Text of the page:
A survey of recent patentees was conducted to elicit their perceptions regarding the importance of their inventions, the extent of their communication with other inventors, and the relationship of both importance and communication to observed patent citations. A cohort of 1993 patentees were asked specifically about 2 patents that they had cited, and a third placebo' patent that was similar but which they did not cite. One of the two cited inventors was also surveyed. We find that inventors report significant communication, at least some of which is in forms that suggests spillovers from the cited inventor to the citing inventor. The perception of such communication was substantively and statistically significantly greater for the cited patents than for the placebos. There is, however, a large amount of noise in citations data; it appears that something like one-half of all citations do not correspond to any perceived communication, or even necessarily to a perceptible technological relationship between the inventions. We also find a significant correlation between the number of citations a patent received and its importance (both economic and technological) as perceived by the inventor
Defense R & D policy in the anti-terrorist era by Manuel Trajtenberg( Book )
3 editions published in 2003 in English and held by 65 libraries worldwide
This paper seeks to analyze the nature of the terrorist threat following 9/11, and to explore the implications for defense R & D policy. First it reviews the defining trends of defense R & D since the cold war, and brings in pertinent empirical evidence: The US accumulated during the 1990s a defense R & D stock 10 times larger than any other country, and almost 30 times larger than Russia. Big weapon systems, key during the cold war but of dubious significance since then still figure prominently, commanding 30% of current defense R & D spending, vis a vis just about 13% for intelligence and antiterrorism. The second part of the paper examines the nature of the terrorist threat, focusing on the role of uncertainty, the lack of deterrence, and the extent to which security against terrorism is (still) a public good. I develop for that purpose a simple model of terrorism, cast in a nested discrete choice framework. Two strategies are considered: fighting terrorism at its source, and protecting individual targets, which entails a negative externality. Contrary to the traditional case of national defense, security against terrorism becomes a mixed private/public good. A key result of the model is that the government should spend enough on fighting terrorism at its source, so as to nullify the incentives of private targets to invest in their own security. Intelligence emerges as the key aspect of the war against terrorism and, accordingly, R & D aimed at providing advanced technological means for intelligence is viewed as the cornerstone of defense R & D. This entails developing computerized sensory interfaces, and increasing the ability to analyze vast amounts of data. Both have direct civilian applications, and therefore the required R & D is mostly dual use'. Indeed, there is already a private market for these systems, with a large number of players. R & D programs designed to preserve this diversity and to encourage further competition may prove beneficial both for the required R & D, and for the economy at large
Uncovering GPTS with patent data by Bronwyn H Hall( Book )
8 editions published between 2004 and 2005 in English and held by 65 libraries worldwide
"This paper asks the question: Can we see evidence of General Purpose Technologies in patent data? Using data on three million US patents granted between 1967 and 1999, and their citations received between 1975 and 2002, we construct a number of measures of GPTs, including generality, number of citations, and patent class growth, for patents themselves and for the patents that cite the patents. A selection of the top twenty patents in the tails of the distribution of several of these measures yields a set of mostly ICT technologies, of which the most important are those underlying transactions on the internet and object-oriented software. We conclude with a brief discussion of the problems we encountered in developing our measures and suggestions for future work in this area"--National Bureau of Economic Research web site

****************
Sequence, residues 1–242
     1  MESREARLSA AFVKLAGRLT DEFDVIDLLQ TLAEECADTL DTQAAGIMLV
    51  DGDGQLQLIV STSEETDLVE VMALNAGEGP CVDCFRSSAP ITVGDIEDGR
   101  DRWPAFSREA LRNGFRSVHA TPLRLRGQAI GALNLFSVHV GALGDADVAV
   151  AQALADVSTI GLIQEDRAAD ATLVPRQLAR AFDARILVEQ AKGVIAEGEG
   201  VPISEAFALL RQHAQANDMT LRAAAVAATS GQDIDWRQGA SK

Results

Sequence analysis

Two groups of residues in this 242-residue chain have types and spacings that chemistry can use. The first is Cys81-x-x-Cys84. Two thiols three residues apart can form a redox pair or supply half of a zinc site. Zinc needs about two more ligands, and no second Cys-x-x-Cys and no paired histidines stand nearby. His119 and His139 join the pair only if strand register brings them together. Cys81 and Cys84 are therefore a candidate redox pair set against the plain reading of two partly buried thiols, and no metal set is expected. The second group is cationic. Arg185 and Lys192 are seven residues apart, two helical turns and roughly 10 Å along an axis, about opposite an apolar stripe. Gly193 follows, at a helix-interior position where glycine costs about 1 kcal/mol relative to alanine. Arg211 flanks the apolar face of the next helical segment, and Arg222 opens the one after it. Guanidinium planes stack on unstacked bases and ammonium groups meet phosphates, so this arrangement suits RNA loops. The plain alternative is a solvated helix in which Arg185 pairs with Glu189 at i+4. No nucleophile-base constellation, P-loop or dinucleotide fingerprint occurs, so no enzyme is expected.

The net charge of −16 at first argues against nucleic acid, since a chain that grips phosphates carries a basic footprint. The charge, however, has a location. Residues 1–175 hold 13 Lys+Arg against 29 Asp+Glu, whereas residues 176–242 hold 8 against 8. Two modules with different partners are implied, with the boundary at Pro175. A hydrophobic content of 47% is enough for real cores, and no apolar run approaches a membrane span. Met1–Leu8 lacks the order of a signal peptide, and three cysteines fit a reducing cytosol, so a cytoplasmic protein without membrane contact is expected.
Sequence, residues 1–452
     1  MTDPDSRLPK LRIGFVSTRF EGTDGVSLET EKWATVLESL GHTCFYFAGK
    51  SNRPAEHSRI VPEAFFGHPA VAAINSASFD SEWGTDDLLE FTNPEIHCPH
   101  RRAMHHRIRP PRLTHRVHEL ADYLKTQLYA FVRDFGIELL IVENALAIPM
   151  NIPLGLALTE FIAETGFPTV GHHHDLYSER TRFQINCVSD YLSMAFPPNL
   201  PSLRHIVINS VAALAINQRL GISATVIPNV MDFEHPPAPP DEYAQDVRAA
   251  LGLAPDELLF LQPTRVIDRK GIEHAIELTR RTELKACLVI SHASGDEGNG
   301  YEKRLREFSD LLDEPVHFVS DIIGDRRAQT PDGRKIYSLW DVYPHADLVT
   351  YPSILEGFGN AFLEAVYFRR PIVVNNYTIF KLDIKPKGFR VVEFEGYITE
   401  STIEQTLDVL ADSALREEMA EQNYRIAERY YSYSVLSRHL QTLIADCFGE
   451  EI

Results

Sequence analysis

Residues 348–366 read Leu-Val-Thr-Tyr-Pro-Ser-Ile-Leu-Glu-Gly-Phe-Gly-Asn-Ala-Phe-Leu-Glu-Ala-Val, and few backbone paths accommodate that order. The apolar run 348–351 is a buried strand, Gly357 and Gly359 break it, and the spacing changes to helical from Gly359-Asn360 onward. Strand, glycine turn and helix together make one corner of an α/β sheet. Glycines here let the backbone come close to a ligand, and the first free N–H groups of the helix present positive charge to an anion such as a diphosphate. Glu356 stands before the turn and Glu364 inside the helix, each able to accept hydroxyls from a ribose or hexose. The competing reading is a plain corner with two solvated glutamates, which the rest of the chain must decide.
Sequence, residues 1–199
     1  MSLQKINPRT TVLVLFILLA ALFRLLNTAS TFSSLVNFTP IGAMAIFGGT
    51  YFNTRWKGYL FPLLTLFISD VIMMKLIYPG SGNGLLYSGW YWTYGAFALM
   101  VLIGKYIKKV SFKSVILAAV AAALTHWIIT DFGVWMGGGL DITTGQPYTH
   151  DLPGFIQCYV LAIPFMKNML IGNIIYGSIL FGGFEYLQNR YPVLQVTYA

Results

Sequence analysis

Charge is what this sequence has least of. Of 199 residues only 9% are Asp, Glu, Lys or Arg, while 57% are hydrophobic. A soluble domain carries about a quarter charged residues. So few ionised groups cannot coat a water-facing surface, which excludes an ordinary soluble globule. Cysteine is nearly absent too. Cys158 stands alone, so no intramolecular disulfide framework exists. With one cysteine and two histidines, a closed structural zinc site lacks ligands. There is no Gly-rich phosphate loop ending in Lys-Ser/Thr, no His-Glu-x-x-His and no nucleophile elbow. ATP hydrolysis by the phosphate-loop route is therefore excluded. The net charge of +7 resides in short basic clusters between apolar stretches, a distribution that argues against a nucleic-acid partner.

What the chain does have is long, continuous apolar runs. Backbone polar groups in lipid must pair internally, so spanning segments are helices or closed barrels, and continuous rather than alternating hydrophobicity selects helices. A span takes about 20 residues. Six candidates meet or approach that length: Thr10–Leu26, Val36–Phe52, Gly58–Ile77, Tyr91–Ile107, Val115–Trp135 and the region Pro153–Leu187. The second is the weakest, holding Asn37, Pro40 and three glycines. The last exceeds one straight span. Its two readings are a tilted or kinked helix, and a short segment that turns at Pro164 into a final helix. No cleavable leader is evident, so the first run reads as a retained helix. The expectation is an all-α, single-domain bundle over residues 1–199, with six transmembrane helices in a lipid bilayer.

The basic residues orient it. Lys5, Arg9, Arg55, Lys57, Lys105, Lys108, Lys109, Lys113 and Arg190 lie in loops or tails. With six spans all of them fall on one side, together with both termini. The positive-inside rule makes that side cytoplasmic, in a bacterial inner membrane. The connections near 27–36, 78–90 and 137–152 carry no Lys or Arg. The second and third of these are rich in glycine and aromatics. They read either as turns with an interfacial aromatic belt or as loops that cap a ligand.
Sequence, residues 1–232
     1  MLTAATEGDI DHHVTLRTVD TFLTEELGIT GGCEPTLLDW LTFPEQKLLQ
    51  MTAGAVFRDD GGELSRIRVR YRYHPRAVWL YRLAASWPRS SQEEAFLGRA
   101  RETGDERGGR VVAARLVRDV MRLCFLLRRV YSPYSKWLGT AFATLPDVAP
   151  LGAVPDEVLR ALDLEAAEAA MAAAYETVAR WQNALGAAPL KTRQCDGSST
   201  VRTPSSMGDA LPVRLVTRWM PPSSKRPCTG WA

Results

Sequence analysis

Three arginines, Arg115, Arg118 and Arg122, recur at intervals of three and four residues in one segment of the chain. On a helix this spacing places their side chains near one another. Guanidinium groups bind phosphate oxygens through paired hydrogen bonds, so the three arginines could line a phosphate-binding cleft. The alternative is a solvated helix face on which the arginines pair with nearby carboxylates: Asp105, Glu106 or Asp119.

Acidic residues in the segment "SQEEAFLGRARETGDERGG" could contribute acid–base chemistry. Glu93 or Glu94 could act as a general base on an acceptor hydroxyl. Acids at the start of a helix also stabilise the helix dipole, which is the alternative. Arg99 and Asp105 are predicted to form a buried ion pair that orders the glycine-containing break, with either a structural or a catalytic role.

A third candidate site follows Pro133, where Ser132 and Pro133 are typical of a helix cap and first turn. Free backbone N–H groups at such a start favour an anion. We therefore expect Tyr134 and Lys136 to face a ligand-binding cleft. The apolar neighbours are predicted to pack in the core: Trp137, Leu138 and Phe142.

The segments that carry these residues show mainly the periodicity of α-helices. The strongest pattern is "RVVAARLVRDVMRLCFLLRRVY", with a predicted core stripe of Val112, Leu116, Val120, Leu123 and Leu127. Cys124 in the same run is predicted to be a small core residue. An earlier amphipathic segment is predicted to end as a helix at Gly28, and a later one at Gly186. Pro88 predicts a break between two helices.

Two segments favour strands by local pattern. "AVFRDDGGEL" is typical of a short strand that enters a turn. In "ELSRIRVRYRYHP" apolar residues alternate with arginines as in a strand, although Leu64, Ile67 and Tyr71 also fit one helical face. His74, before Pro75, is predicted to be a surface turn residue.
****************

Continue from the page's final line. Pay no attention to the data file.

The "names game" harnessing inventors' patent data for economic research by Manuel Trajtenberg( file )
13 editions published in 2006 in English and held by 65 libraries worldwide
The goal of this paper is to lay out a methodology and corresponding computer algorithms, that allow us to extract the detailed data on inventors contained in patents, and harness it for economic research. Patent data has long been used in empirical research in economics, and yet the information on the identity (i.e. the names and location) of the patents' inventors has seldom been deployed in a large scale, primarily because of the "who is who" problem: the name of a given inventor may be spelled differently across her/his patents, and the exact same name may correspond to different inventors (i.e. the "John Smith" problem). Given that there are over 2 million patents with 2 inventors per patent on average, the "who is who" problem applies to over 4 million "records", which is obviously too large to tackle manually. We have thus developed an elaborate methodology and computerized procedure to address this problem in a comprehensive way. The end result is a list of 1.6 million unique inventors from all over the world, with detailed data on their patenting histories, their employers, co-inventors, etc. Forty percent of them have more than one patent, and 70,000 have more than 10 patents. We can trace those multiple inventors across time and space, and thus study the causes and consequences of their mobility across countries, regions, and employers. Given the increasing availability of large computerized data sets on individuals, there may be plenty of opportunities to deploy this methodology to other areas of economic research as well
 
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Alternative Names
טרכטנברג, מנואל
Languages
English (232)
French (2)